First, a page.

Practice Recovery | FOW #23

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When mistakes or errors in judgement happen, “own it.” Take the necessary steps to communicate to the appropriate parties, acknowledge your accountability, and set corrective steps in motion. “Get back in the game” quickly.

Perhaps no obstacle to full engagement and high performance is so pervasive and so vexing as insecurity and low self-esteem.”
-The Power of Full Engagement

Moments of insecurity and questionable self-esteem are the drivers of my need to be right or even perfect. I am a rule follower by nature and when I make a mistake or have an error in judgement, I can be very hard on myself.

I will spend a lot of mental anguish thinking about my mistake and harping on the undesired outcome. This gets me absolutely nowhere and stops my productivity.

When I remember that making a mistake is actually part of my growth and learning, I’m able to own the mistake and the lesson that comes with it.  The next step is to talk to someone about the mistake, especially if it has impacted that person. That’s when my energy, execution, and measurable results return.

This is true in leadership and management too.

In coaching executives, I encourage leaders to be the first to own their mistakes and be transparent about them to their teams. It allows the leader to demonstrate vulnerability.

Why would they do this?

A leader’s vulnerability creates a culture of growth. People have more permission to step out of the box, take risks, make mistakes, learn, and know they will be given the space to grow. This accelerates results!

The wisest thing for leaders to do is fess up when you make a mistake. Use it as an opportunity to re-direct, course correct, and “get back in the game”.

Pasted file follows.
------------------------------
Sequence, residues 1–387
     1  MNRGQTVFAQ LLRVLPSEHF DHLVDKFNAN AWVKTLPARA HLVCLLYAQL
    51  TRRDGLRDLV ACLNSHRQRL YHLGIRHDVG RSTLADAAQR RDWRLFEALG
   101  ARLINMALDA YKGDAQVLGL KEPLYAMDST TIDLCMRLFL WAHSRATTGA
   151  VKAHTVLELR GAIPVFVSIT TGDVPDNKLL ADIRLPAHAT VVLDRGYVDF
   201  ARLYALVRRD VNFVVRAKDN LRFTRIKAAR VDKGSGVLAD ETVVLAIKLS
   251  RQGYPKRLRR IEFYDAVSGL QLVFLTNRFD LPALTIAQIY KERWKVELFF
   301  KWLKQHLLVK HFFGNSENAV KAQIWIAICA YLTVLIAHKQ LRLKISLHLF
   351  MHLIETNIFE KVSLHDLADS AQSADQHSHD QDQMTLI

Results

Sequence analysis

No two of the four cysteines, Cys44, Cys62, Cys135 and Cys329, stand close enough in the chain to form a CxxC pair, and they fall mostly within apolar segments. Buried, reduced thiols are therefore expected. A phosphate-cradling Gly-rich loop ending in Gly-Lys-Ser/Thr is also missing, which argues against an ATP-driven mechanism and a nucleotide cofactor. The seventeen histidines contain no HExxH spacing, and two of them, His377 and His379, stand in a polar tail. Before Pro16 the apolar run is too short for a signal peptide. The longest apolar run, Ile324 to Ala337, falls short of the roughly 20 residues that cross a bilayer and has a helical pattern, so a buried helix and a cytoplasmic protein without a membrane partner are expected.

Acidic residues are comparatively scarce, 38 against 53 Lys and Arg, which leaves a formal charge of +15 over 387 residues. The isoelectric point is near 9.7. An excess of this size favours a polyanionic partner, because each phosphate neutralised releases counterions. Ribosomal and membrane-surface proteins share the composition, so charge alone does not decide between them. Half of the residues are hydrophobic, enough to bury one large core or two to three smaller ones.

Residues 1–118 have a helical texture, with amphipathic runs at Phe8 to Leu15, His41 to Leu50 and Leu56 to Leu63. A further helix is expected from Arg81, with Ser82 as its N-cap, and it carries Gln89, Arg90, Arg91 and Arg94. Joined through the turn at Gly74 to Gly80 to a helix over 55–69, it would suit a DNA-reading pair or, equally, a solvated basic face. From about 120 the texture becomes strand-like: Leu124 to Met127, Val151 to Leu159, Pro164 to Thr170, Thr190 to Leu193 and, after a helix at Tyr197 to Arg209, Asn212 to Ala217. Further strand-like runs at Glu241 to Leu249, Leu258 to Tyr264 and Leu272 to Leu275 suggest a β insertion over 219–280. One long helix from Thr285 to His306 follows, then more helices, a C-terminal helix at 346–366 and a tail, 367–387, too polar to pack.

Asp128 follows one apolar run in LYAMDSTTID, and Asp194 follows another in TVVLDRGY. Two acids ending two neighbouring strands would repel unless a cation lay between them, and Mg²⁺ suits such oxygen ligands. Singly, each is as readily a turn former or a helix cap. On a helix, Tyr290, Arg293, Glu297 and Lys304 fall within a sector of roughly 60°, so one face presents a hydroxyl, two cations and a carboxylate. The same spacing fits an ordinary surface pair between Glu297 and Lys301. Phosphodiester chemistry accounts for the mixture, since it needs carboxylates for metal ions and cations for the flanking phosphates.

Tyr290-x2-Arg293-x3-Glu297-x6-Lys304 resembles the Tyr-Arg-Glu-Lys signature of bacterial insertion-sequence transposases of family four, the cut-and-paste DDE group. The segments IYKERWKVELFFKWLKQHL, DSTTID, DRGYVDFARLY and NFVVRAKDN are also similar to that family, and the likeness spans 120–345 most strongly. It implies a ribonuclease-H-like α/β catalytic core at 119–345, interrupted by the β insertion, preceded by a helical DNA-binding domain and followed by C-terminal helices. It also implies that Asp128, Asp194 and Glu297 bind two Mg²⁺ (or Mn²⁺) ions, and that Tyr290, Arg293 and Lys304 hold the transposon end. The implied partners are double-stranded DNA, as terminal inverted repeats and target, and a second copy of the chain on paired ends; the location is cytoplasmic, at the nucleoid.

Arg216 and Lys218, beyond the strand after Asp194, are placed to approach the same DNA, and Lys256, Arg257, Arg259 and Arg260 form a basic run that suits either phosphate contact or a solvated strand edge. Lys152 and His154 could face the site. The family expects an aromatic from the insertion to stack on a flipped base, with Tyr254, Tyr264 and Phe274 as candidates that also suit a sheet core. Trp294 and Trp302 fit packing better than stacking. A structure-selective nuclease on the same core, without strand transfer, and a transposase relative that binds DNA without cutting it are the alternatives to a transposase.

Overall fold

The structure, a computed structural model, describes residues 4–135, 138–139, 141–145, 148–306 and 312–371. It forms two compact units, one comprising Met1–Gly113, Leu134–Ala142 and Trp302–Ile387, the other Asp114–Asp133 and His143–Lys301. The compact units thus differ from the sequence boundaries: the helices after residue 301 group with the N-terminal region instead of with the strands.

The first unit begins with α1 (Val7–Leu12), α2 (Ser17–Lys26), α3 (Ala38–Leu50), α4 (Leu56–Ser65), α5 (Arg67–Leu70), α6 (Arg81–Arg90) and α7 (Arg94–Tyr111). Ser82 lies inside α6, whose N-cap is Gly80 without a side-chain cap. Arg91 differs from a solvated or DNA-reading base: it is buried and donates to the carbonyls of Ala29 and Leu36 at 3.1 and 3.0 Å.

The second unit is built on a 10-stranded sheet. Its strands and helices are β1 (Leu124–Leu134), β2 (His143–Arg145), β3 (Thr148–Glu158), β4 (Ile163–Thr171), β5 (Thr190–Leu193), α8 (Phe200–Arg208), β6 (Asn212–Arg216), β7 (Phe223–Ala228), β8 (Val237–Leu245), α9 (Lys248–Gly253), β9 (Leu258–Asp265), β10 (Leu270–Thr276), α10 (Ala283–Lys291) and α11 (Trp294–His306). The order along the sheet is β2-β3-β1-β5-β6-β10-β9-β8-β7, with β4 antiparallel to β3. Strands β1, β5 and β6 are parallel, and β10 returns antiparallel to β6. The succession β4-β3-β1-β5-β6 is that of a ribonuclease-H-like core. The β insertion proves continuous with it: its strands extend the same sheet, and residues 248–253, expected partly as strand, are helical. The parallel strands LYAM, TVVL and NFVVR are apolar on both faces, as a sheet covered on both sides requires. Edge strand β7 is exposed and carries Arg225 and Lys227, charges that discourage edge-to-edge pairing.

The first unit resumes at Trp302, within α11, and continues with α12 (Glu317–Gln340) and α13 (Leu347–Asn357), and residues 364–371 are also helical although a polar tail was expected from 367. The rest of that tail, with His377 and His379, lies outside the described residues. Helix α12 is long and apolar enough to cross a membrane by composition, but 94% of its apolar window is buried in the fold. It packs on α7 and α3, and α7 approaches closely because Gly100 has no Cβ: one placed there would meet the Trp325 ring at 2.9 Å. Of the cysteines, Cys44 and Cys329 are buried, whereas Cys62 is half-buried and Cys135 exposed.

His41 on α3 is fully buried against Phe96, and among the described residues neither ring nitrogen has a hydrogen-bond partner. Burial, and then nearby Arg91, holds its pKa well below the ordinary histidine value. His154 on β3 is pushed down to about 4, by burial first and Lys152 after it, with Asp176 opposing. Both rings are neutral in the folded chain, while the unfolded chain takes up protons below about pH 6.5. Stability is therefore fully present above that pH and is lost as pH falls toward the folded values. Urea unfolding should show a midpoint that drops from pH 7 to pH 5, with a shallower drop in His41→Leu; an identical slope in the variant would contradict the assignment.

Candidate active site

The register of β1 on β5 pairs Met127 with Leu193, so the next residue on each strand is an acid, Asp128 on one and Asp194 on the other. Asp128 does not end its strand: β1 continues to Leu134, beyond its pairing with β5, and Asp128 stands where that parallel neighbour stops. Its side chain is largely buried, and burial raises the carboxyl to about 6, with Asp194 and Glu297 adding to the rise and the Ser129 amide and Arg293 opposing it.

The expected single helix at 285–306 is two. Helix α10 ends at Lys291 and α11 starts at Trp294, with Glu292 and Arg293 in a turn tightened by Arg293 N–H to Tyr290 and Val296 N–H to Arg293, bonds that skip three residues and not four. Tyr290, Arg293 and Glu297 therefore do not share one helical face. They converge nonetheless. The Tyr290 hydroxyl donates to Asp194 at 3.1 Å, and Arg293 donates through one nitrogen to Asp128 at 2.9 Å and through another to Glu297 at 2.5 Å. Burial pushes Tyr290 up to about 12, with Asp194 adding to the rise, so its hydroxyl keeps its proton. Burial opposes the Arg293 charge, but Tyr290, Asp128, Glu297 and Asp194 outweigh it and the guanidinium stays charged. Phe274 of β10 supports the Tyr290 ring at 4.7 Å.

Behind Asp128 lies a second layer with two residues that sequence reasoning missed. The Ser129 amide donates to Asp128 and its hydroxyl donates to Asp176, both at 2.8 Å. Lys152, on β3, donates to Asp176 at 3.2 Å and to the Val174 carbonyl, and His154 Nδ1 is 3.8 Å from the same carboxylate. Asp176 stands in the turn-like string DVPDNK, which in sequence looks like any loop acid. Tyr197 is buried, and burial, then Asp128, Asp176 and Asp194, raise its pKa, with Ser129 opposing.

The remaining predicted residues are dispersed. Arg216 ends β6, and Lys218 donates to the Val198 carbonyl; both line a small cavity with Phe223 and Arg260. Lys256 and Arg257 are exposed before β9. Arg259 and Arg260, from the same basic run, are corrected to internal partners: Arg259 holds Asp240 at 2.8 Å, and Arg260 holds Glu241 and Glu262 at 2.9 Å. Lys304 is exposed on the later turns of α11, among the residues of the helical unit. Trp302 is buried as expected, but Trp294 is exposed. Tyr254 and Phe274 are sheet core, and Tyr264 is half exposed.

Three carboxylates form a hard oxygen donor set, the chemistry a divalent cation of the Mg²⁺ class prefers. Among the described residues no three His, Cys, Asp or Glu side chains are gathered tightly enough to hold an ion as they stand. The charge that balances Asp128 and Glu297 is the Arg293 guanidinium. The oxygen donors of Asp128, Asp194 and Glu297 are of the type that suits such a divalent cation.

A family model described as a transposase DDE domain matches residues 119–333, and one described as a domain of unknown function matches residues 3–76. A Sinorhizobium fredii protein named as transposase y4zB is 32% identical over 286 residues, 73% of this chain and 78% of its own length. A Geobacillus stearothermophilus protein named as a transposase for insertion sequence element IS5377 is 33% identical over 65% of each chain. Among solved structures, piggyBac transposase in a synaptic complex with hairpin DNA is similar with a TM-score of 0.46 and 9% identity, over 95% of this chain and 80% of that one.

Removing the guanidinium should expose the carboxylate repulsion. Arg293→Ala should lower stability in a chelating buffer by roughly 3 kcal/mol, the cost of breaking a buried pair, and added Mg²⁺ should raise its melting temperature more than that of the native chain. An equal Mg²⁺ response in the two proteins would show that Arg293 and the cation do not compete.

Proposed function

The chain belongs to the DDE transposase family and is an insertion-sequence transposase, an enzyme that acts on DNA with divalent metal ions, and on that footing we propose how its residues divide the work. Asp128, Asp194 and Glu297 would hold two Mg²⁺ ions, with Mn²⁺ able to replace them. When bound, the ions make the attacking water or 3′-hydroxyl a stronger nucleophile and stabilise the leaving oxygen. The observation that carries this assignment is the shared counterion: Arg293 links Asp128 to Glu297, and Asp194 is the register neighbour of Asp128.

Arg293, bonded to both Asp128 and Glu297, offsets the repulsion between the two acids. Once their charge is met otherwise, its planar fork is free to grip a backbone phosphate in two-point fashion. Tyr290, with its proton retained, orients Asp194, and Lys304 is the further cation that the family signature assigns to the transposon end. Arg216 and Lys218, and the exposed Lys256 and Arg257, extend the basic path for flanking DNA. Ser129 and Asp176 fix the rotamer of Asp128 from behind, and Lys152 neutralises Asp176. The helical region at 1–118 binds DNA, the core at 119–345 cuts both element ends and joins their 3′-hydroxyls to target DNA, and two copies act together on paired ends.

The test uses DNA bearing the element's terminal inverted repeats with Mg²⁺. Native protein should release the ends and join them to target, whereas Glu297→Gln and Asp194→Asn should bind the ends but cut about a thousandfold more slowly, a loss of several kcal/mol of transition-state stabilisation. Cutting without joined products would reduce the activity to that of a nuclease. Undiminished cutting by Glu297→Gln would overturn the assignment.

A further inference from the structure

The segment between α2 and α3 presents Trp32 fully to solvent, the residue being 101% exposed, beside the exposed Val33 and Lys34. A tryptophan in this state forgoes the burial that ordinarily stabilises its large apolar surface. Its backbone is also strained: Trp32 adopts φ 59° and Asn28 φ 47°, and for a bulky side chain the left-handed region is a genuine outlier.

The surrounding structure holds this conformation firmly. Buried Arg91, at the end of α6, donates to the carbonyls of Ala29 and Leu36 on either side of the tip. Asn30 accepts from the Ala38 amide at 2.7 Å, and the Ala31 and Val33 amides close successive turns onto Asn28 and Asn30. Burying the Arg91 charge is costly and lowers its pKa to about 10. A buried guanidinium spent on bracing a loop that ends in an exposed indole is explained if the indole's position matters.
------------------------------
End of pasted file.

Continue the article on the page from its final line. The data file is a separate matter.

“Sadly, the need for recovery is often viewed as evidence of weakness rather than as an integral aspect of sustained performance.”
–The Power of Full Engagement

High-performing athletes are a great example of the recovery process. A tennis player who hits the ball out of bounds, a football player who misses the perfect pass, or a baseball pitcher who walks a hitter are amazing to watch.

Their ability to own the mistake and, most importantly, let it go will show up in the very next serve, pass, or pitch. If they are successful, they have recovered from the mistake.

If you watch the most elite athletes in any sport, you will see how they can shake it off and come back and win. Again, the key is to own it, address it, and let it go!! We can do this in every area of life where we are seeking a powerful result.

“A man who has committed a mistake and doesn’t correct it, is committing another mistake.”

Be bold, be brave, make mistakes and recover! Comment below and let me know how you’re doing in your recovery. Are you demonstrating vulnerability?

Always in repair,

Martha Lynn

P.S. Interested in learning more about The Power of Full Engagement? Check out the book at your local library or pick up a copy here!

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